Let me be more specific: I think that typical use of the English lexeme 'to betray' and its derivatives such as 'betrayal' has a defeasible implicature that the betraying agent acts intentionally, in particular with the prior belief that the betrayed patient, upon learning of the act, would regard it as one of betrayal. This, like nearly everything in natural language, is not a hard and fast rule, but I regard it as sufficiently probable that adding the adverbial 'on purpose' to the present sentence is pragmatically infelicitous in the absence of further context. Of course, others may disagree.
(See also a less jargon-filled statement of my position below!)
Your sentence sounds good, but my point was: is it possible to betray somebody unintentionally? I would argue that it is not. This nitpicking over semantics has nothing to do with the Vietnamese though (as far as I can see).
I do that all the times. Haha. One of the definitions for "betray" is "unintentionally reveal" or "to reveal unconsciously."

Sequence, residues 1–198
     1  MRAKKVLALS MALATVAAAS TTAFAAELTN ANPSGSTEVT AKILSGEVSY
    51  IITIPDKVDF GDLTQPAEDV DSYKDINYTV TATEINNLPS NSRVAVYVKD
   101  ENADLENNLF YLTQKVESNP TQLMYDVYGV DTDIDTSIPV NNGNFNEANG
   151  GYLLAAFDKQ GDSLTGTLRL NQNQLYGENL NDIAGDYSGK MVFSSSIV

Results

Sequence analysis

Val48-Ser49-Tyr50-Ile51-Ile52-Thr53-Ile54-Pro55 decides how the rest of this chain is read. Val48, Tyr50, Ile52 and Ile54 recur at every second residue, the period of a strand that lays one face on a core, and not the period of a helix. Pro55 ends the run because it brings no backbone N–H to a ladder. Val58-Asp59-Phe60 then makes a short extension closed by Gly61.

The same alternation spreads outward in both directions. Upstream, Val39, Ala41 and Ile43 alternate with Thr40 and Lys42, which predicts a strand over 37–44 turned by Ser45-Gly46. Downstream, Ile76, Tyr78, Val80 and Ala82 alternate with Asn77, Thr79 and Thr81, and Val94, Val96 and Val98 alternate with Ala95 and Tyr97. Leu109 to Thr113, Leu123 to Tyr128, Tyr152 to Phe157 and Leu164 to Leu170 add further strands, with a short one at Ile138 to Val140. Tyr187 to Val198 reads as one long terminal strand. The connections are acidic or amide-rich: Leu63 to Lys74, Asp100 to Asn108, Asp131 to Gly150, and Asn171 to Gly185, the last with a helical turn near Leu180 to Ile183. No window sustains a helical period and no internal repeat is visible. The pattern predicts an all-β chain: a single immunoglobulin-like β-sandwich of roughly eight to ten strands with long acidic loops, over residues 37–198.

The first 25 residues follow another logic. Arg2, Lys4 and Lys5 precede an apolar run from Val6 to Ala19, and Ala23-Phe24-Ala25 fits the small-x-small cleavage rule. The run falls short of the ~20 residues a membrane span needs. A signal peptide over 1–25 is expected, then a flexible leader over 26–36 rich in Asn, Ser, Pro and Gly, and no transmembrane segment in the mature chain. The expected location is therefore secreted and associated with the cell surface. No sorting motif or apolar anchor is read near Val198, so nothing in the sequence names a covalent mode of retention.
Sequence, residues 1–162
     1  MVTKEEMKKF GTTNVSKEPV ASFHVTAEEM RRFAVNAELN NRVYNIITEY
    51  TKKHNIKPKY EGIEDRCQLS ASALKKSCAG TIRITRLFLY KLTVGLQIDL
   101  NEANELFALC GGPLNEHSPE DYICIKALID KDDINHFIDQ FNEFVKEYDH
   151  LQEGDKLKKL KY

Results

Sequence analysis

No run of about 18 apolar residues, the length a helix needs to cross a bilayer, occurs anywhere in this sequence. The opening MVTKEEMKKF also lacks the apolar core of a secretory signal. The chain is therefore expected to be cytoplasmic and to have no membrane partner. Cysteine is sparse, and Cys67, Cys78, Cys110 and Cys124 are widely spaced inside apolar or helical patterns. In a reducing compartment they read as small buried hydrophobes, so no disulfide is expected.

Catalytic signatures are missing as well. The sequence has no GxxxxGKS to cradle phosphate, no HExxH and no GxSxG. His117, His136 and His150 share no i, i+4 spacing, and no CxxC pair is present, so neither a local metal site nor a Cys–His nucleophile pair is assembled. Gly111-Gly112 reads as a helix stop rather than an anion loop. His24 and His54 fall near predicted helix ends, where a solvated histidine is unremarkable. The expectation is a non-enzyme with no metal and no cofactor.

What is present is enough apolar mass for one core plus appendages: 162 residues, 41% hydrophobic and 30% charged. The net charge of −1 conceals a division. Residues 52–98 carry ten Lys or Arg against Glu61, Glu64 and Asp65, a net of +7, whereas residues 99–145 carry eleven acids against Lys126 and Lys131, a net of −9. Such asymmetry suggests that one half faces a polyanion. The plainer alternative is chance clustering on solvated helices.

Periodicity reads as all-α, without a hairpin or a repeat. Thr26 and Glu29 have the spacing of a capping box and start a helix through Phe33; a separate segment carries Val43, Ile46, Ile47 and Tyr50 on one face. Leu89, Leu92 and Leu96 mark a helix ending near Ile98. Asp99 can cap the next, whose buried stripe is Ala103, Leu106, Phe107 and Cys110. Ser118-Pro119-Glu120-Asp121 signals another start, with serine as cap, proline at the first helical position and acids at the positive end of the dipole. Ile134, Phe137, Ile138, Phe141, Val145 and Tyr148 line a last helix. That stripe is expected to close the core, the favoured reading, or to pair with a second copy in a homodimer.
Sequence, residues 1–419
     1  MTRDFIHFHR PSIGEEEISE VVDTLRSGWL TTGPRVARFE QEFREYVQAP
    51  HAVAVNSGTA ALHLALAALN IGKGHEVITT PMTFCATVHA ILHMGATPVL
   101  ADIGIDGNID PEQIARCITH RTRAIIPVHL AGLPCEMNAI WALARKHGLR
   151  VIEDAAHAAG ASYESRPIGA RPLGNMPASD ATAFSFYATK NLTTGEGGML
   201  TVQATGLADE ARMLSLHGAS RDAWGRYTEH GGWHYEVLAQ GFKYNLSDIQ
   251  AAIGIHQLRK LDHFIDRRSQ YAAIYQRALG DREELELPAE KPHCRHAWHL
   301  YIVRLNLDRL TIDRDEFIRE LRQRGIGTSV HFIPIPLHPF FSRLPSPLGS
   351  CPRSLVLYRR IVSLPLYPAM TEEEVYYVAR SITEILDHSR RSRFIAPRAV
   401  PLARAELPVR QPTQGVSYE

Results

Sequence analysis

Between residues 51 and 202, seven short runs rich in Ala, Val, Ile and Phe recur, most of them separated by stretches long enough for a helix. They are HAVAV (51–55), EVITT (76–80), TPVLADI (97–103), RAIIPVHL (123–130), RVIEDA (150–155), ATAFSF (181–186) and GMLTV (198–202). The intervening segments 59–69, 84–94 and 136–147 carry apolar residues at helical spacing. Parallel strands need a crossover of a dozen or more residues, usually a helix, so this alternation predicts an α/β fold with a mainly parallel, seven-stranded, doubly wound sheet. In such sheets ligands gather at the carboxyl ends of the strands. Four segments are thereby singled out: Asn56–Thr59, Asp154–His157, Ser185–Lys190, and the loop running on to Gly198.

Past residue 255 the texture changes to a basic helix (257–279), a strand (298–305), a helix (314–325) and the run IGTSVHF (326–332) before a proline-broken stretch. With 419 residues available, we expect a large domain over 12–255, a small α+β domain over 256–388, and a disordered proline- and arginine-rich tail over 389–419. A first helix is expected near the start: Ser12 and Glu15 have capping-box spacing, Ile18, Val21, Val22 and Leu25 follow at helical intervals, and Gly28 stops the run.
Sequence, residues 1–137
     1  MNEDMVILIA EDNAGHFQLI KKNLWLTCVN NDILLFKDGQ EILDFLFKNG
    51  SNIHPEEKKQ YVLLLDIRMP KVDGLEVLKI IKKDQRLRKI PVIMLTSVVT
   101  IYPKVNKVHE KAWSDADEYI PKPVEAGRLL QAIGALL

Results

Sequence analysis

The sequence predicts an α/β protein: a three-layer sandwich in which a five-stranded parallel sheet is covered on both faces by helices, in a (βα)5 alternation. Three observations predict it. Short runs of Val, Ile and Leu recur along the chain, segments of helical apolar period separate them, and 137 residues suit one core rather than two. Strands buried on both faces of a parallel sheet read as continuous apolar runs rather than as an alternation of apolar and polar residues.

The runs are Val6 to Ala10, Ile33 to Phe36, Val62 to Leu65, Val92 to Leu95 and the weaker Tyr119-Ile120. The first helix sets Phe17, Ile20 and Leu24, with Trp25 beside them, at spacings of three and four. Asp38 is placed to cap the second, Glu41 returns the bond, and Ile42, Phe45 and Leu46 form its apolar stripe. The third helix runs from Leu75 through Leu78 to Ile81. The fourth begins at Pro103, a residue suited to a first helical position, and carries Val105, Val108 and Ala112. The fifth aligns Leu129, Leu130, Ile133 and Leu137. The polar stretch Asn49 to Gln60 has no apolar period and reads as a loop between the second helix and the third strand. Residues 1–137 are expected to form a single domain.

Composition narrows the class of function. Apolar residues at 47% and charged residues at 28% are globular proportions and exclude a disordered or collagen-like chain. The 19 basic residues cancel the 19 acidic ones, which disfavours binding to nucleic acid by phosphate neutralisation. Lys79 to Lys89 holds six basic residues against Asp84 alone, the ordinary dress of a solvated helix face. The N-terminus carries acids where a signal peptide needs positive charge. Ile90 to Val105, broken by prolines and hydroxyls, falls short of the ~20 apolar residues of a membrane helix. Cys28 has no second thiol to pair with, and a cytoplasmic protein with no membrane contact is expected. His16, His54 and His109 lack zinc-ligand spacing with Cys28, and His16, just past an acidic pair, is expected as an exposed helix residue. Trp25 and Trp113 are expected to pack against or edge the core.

Someone might have told you a secret. Then in the excitement of conversations, one thing leads to another, and you accidentally reveal it and only recall it's a secret afterward. Unfortunately this happened to me more than once.
My feeling is that intent or (minimally) consciousness of wrongdoing is required at the moment of betrayal; accidental betrayal would not usually be designated 'betrayal' by a native speaker; another term or phrasing would be used. However, others may disagree, and it is of course the case that the Vietnamese 'phản bội' may have a wider semantic field than the English 'betray'.
Well, in the case I mentioned above, if my friend confronted me, I would say, "I'm sorry, I didn't mean to," and he might say, "No, you did. You were not simply a blabbermouth. You intentionally betrayed me."
You might want to watch the movie '4 Betrayals and a funeral"....or is it 'betrothals'?
Troi oi...language, so much more than reading a dictionary... Let me point you to the bard : "lo, he doth fart in the dark and thus betray where he is at" Macbeth 5:2
is it common practice to have an adverb (here cố tình) -between- the auxiliary verb (đã) & past infinitive (phản bội) ?